‘What the Hell Happened to Maggie?’: Stereotype, Sympathy and Disability in Toni Morrison’s ‘Recitatif’

    Tutkimustuotos: ArtikkelijulkaisuArtikkeliTieteellinenvertaisarvioitu


    Disability activists have long argued that the expression of pity towards the disabled frequently serves to reinforce the “tend[ency] to divide the world between the lucky and unlucky, between us and them” (Shapiro 24). Indeed, the rejection of pity—as well as sympathy, with which pity frequently is conflated—has been embraced as something of a guiding principle by the disability rights movement generally, and this has naturally had implications for the treatment of sympathy in fictional narratives involving disabled characters. In the first part of this essay, I will examine the prevailing stance on this issue within the disability rights movement. I hope to show that, while the “no pity” position justifiably opposes representations of the disabled that reinforce the perceived weaknesses of the disabled population, or, equally debilitating, rely largely on sentimentalized notions of disability, there are alternative ways of looking at the role played by sympathy in response to disabled characters in fiction. In this light, Toni Morrison’s only short story, “Recitatif,” provides an intriguing case study. Like many narratives involving disabled characters, “Recitatif” relies for its effects on readers’ perceptions and feelings on the intermittently-revealed character Maggie, whose implied disability renders her an elusive presence that haunts the two protagonists of the story, Twyla and Roberta, as they reflect on their past. I claim that the protagonists’ concern—their sympathy—for Maggie as they try to make sense of their own treatment of her, extends them beyond their own preoccupations and propels them towards a less defensive stance towards each other. In this sense, it is possible to view Maggie as having a “prosthetic” role in the development of this sympathy, in that the narrative appears to depend on Maggie’s disability for its effects (Mitchell 20). For this reason, I will examine Maggie’s role in the story, both in terms of the pity or sympathy that it apparently induces, as well as its potentially prosthetic function. I will suggest that, while Maggie certainly remains limited in terms of representation and largely prosthetic in terms of function, the narrative makes a significant move in guiding readers towards a more complex view of Maggie’s identity as well as a deeper level of sympathetic engagement than occurs in many other prosthetic characterizations. Out of this discussion, I will show how Morrison’s elicitation of sympathy thus moves beyond simple pity to a more nuanced response to the disability of the character that serves the most important function in the story in regulating readers’ emotions. I hope to demonstrate, moreover, that a rigid rejection of sympathetic responses to disabled characters denies readers an important opportunity to develop, as John Dewey suggests of sympathy generally, “a cultivated imagination for what men have in common and a rebellion at whatever unnecessarily divides them” (121).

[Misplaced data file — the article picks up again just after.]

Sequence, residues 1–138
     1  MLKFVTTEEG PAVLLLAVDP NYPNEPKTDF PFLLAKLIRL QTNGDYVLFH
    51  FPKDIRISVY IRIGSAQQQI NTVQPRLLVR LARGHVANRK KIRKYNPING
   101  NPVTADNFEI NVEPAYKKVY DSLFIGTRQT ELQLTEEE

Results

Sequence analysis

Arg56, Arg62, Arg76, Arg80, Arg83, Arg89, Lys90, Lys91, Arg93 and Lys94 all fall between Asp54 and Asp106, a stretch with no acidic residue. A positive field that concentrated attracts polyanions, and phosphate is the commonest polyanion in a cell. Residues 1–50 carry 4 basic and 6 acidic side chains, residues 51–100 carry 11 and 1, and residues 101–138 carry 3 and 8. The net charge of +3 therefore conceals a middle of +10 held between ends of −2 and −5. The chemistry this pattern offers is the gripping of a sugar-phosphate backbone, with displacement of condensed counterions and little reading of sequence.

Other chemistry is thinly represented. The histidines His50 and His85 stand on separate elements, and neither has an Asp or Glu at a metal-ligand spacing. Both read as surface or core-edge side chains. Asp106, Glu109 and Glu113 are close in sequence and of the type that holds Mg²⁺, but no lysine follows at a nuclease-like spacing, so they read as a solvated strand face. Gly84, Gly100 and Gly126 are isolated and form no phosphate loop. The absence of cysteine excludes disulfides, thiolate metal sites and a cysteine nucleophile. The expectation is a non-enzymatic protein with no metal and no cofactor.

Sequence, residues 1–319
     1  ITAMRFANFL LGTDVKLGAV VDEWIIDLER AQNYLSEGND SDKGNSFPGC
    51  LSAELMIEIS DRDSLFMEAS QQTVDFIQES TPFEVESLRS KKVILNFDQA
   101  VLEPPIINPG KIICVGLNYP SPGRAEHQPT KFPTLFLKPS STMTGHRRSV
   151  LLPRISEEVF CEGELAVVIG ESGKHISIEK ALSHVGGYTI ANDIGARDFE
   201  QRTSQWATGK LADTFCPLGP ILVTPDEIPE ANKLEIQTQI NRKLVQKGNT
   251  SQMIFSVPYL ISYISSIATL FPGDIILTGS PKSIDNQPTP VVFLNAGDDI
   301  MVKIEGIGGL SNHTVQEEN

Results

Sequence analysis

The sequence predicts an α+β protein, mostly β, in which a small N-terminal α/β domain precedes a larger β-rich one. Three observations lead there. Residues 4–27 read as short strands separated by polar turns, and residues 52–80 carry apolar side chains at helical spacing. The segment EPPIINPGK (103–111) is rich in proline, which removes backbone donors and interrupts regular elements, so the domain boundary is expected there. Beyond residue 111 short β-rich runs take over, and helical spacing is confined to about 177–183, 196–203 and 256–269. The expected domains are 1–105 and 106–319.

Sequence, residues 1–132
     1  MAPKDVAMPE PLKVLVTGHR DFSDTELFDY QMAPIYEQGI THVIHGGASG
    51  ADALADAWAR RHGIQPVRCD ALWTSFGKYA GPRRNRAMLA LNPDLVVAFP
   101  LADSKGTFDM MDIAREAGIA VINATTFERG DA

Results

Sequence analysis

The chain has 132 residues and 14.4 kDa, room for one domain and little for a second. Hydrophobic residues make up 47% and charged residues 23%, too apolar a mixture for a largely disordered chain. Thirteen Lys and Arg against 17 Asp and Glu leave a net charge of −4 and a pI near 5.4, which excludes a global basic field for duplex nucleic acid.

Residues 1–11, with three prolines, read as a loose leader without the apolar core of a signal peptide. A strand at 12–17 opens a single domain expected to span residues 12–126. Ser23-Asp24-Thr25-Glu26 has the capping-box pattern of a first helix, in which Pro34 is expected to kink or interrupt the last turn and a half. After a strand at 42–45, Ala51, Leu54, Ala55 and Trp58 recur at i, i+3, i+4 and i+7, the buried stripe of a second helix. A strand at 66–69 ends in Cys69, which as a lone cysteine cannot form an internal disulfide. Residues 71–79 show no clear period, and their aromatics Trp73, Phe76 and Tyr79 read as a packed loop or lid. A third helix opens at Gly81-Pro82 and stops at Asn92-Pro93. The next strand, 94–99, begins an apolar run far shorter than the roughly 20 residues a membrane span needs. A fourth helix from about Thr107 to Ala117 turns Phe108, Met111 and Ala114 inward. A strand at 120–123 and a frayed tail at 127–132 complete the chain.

LehtiJournal of Literary and Cultural Disability Studies
    TilaJulkaistu - 2011
    OKM-julkaisutyyppiA1 Alkuperäisartikkeli tieteellisessä aikakauslehdessä, vertaisarvioitu

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